This standoff can’t last forever, though. VCs have finite investment windows in which they are expected to deploy their capital, and startup founders have finite runways where they will either need to raise more capital, get profitable, get acquired, or shut down. The longer this drags on, the more likely these two groups will come to the table and get deals done. While specific timelines vary, generally, startup runways (even with near-universal runway-extending layoffs) are shorter than VC investment windows, so we expect many more down rounds to happen as the year progresses.
As interest rates increase, LPs look for opportunities outside of venture
Over the past decade, one of the key factors driving LPs to invest in venture has been its relatively attractive yields compared to more traditional asset classes. The axiom of “only the top decile of VC firms perform well” was replaced by strong performance across the asset class, driven in part by the steady upward march of valuations due to near-zero interest rates. At first glance, 2022 looks like a continuation of that trend. As the latest Pitchbook-NVCA Venture Monitor reported, the headline number of $163B, 6% over 2021, made 2022 the best year in terms of total capital raised by venture funds, even with all the volatility, uncertainty, and general slowdown.
Digging in a little deeper presents an alternative perspective. As often is the case in the private markets, the slowdown of capital flowing into venture lagged behind the dip in the public markets. If we look at Q4 2022 alone, only $11.7BN (7.2% of the yearly total) was raised. Simply put, capital is no longer freely moving into venture capital funds. The steady and steep rise of interest rates throughout 2022 means there are now far more places LPs can deploy capital to meet their return target goals without accepting the volatility inherent in investing in unpredictable, unprofitable companies.
What’s going on with VC funds?
Looking at where the capital is going, it is not good news for first-time managers. In 2021, a record-setting 270 first-time funds raised a collective $16.8 billion, according to PitchBook data. 2022 saw only 141 first-time fund managers successfully close a VC fund, a 9-year low.
In spite of everything, there were still some bright spots in 2022. The average first-time fund size in 2022 was a record-high $75MM. To us, this suggests that the few first-time funds that did close successfully are likely managed by well-weathered GPs coming out of established shops to launch their own fund rather than traditional unknown, first-time VC managers raising smaller “proof of concept” first funds.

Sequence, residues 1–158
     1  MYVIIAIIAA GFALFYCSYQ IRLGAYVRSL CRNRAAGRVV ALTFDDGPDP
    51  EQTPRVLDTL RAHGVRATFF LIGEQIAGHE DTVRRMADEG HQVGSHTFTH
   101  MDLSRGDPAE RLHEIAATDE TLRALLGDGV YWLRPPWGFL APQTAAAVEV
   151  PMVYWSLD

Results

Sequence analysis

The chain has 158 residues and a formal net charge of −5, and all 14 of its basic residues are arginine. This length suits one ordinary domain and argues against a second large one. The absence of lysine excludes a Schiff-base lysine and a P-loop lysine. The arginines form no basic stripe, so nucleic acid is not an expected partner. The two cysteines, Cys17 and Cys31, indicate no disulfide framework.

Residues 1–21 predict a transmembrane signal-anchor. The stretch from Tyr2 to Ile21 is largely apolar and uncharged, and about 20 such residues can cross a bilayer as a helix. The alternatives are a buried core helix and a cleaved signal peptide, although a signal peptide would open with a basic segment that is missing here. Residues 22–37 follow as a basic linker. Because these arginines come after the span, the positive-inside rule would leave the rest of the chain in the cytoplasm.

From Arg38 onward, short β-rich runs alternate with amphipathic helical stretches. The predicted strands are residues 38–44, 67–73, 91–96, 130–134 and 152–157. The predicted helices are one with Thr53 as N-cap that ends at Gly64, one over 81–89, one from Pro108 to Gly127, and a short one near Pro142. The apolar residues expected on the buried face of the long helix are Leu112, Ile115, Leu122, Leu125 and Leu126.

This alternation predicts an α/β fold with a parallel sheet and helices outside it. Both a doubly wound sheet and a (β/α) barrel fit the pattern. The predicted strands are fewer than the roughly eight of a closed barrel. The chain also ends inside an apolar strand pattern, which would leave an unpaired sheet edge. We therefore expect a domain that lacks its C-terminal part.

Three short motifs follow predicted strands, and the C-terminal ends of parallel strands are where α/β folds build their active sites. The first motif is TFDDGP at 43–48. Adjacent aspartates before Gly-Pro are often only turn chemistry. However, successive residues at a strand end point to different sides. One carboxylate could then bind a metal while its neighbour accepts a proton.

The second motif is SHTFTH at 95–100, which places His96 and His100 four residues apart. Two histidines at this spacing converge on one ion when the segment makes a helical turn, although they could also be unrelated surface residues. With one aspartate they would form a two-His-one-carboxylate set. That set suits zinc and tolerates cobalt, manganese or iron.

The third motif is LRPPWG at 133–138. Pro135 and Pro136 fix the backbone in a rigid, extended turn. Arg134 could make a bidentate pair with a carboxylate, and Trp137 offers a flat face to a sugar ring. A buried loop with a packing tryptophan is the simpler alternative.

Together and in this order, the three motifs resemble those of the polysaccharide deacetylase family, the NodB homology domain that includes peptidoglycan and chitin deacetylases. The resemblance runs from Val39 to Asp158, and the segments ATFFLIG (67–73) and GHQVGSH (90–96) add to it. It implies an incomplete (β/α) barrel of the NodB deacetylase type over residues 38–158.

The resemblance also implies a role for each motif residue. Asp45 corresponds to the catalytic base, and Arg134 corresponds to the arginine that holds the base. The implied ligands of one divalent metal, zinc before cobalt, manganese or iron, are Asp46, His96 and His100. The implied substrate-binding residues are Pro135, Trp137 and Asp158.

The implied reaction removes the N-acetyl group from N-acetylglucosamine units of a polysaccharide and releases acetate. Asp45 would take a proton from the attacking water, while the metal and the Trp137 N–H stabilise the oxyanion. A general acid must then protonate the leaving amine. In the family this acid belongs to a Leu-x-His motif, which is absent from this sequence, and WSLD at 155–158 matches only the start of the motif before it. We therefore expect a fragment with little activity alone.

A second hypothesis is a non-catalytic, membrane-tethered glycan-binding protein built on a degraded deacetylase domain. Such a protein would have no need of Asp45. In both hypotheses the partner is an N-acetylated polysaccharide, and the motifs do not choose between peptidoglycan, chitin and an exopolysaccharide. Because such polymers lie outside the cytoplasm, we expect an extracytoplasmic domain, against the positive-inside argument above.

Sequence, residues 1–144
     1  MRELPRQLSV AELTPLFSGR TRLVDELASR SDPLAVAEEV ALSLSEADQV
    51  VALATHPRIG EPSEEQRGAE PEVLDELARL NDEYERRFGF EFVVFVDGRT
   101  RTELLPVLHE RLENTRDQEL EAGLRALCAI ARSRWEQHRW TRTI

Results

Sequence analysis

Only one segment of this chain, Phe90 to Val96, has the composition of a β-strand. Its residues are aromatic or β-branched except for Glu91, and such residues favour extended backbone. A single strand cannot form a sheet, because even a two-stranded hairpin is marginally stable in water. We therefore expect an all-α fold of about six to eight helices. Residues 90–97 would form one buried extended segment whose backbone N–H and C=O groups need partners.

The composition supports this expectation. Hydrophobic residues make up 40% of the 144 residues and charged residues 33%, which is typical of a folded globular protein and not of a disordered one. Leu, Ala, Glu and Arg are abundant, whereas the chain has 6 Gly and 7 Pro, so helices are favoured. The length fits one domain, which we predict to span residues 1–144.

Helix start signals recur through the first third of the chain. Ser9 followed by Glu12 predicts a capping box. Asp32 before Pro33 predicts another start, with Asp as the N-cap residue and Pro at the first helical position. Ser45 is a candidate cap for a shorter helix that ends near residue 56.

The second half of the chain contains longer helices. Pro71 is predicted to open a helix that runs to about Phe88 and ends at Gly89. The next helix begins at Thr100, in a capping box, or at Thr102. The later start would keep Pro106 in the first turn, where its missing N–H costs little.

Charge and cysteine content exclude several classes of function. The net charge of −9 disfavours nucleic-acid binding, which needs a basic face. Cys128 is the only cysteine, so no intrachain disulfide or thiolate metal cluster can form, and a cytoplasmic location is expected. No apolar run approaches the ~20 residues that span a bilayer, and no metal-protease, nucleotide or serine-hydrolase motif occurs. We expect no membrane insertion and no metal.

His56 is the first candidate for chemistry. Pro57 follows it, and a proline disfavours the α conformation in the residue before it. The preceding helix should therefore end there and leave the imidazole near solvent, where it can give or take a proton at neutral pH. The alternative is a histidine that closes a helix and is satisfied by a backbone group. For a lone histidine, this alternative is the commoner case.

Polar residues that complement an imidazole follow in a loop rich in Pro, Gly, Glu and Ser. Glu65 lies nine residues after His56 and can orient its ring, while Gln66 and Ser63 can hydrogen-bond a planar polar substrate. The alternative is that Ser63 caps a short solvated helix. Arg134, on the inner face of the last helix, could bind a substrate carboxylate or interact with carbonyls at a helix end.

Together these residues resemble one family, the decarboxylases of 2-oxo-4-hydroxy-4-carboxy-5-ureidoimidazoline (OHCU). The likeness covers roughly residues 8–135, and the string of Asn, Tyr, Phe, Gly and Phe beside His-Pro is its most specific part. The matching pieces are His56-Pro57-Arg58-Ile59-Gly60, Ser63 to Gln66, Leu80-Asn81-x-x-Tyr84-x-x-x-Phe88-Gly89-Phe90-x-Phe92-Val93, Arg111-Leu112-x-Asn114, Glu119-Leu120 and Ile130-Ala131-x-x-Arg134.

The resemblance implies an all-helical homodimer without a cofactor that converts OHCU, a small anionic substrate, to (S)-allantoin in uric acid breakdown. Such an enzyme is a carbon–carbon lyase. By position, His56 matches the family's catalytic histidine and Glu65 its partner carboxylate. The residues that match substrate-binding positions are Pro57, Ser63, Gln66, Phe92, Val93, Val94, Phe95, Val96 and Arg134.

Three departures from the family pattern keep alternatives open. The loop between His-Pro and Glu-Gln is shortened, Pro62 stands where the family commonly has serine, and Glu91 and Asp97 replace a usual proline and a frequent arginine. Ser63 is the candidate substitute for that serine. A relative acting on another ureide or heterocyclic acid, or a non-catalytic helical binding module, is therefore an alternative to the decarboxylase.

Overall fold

This trend of larger funds goes beyond first funds. The record $163B raised across the ecosystem in 2022 was done so by only 769 funds, putting the average fund size at $211MM, a 74% increase over 2021. Despite the risk, LPs are still deploying capital with either existing fund groups launching a follow-on fund or with first-time managers who can demonstrate a strong track record.
If the last few years have taught us anything, it is that predicting the macroeconomic environment to come is a fool’s errand. What we know is that the venture capital universe is facing truly choppy waters for the first time in a decade. The formerly reliable narrative of a first-time fund manager getting fast mark-ups and progressing to larger funds within just a few years may be the exception rather than the rule for the time being.
However, in our conversations with venture GPs, there is an increasing sense of stability. Macro indicators are overall flat or improving, and, relative to the last few months of 2022, we’ve seen a higher pace of venture managers successfully completing their fundraises in January 2023. It’s too soon to call a bottom on these trends, but absent future shocks, we expect activity to begin to rise slowly in the early part of this year. Managers who held off on fundraising late last year still have low dry powder and cannot wait to go to market. In other cases, GPs held off on fundraising to focus on stabilizing their portfolios or finding graceful exits for their more challenged companies. We suspect these processes should abate over the coming months.
No one has a crystal ball, and the will-we-won’t-we threat of recession still looms. However, we have hope for and believe in the continued long-term value of the venture space. Those who were in the industry through past cycles know what the returns of funds birthed in challenging vintages can be. There are more high-quality companies now than in any past pull-back, and these companies will increasingly be available to invest in at much more reasonable valuations. For the venture manager committed to overcommunicating with their LPs, professionalizing their operations, and marketing a clear story to new potential investors, 2023 has the potential to be a career-making year.